Advertising causes potential clients to decide whether to use a particular service of yours, but in the context of your marketing. It makes them get out their wallets. It makes them pick up the phone, or hit your website. If marketing fertilizes the soil, advertising reaps the crop. It's targeted at a specific type of client, it has a clear call to action, it has a timeline creating a sense of urgency, and it's repeated frequently. Marketing is "constant", but advertising is "repetitive". Marketing is background music, and advertising is a concert event. Advertising begins and ends, and then happens again, and everyone knows it started and ended.
The second step is to act on the newfound appreciation for marketing and advertising and make it a consistent part of your business day as well as part of the strategic direction of your company.
Do you want to go all the way to having one or more salespeople on staff (it works!) or do you want to simply start doing advertising or sales calls to existing and potential clients by yourself? Do you want to automate everything in a hands-off fashion using the computer, or do you feel comfortable getting out in front of potential clients and asking for business?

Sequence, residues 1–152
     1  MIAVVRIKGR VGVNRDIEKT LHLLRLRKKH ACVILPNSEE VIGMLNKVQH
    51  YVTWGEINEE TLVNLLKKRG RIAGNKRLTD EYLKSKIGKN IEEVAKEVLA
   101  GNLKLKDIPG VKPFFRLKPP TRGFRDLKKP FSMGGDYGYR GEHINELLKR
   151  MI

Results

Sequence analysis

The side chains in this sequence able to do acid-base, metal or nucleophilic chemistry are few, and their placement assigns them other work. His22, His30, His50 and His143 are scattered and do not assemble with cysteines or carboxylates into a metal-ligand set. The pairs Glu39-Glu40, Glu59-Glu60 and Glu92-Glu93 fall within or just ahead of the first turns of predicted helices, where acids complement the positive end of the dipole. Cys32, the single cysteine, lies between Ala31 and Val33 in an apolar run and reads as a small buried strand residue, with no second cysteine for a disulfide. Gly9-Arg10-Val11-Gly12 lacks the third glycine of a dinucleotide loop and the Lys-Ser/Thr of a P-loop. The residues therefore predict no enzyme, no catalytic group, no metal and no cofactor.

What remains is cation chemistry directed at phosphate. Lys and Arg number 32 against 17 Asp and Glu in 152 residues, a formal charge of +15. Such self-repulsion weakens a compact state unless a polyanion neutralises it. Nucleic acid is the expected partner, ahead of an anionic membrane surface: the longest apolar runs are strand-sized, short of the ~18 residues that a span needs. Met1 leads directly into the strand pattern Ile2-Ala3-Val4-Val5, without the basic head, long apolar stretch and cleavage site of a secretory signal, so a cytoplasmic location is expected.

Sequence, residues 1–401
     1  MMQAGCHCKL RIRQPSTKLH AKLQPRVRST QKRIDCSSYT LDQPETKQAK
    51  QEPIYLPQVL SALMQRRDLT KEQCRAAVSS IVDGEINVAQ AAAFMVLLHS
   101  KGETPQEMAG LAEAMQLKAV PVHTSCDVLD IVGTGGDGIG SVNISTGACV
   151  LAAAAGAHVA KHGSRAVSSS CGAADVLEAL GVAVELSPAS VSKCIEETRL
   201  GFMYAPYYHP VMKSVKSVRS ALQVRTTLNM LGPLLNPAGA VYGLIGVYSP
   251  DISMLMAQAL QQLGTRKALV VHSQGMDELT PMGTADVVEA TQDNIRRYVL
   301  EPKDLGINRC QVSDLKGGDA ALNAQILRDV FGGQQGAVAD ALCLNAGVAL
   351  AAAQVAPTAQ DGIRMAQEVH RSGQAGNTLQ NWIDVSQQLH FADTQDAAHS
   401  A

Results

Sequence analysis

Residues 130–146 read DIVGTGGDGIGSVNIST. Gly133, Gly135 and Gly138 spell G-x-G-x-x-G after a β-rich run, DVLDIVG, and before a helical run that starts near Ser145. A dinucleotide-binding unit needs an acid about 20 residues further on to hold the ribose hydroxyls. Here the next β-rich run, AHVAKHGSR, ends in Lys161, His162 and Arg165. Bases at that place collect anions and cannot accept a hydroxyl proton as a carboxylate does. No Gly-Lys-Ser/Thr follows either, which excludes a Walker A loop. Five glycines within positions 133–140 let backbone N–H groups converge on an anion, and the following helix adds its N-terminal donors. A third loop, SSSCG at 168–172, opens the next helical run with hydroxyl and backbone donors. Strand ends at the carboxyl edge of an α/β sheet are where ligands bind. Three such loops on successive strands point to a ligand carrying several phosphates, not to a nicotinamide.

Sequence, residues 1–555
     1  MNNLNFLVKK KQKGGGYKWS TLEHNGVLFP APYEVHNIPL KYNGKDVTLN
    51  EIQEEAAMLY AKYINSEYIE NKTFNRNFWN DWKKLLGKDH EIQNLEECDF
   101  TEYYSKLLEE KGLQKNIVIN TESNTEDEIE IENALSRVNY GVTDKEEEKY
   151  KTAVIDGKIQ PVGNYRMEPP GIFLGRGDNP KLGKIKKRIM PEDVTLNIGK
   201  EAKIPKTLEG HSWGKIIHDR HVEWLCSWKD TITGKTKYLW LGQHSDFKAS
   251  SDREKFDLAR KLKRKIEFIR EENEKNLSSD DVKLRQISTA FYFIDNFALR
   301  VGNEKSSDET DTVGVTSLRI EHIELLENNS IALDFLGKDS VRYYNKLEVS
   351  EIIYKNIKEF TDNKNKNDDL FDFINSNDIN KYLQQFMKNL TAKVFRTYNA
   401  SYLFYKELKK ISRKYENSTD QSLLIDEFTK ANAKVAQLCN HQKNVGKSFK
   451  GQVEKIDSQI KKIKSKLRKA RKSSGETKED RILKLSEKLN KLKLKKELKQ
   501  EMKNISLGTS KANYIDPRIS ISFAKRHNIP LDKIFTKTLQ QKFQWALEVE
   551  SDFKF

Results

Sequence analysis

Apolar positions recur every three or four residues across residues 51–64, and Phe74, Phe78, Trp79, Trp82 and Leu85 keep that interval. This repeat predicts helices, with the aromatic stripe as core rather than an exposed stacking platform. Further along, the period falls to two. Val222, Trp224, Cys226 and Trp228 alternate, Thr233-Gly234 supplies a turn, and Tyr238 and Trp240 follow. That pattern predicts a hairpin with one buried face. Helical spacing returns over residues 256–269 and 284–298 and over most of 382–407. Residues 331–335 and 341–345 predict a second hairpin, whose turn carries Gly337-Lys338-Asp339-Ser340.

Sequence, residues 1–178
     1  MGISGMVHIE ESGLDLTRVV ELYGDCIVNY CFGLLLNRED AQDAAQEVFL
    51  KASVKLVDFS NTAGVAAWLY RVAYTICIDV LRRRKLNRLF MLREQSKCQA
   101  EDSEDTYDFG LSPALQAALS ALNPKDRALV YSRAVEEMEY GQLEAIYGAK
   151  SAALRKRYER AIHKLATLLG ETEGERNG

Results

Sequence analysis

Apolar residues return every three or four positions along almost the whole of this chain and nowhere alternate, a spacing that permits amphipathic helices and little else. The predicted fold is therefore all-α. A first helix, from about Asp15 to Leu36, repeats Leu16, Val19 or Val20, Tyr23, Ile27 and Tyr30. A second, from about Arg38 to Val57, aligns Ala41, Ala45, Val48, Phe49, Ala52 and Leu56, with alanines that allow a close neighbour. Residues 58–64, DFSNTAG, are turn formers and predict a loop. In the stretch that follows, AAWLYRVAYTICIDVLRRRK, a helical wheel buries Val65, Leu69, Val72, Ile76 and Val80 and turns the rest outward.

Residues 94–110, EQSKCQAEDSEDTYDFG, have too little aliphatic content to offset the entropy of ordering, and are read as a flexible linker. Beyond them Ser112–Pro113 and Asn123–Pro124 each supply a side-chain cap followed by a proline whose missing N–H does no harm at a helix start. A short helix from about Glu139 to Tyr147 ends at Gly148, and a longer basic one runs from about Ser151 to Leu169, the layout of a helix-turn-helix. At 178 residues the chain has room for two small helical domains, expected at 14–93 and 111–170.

The best route is usually a layered approach: A consistent system of ongoing automated emails, postcards, web offers, followups, and status updates combined with the human touch of either making calls yourself or tasking a staff member. Some clients respond better to one or the other, and all clients require multiple, ongoing efforts to reap the benefits of a marketing and advertising plan.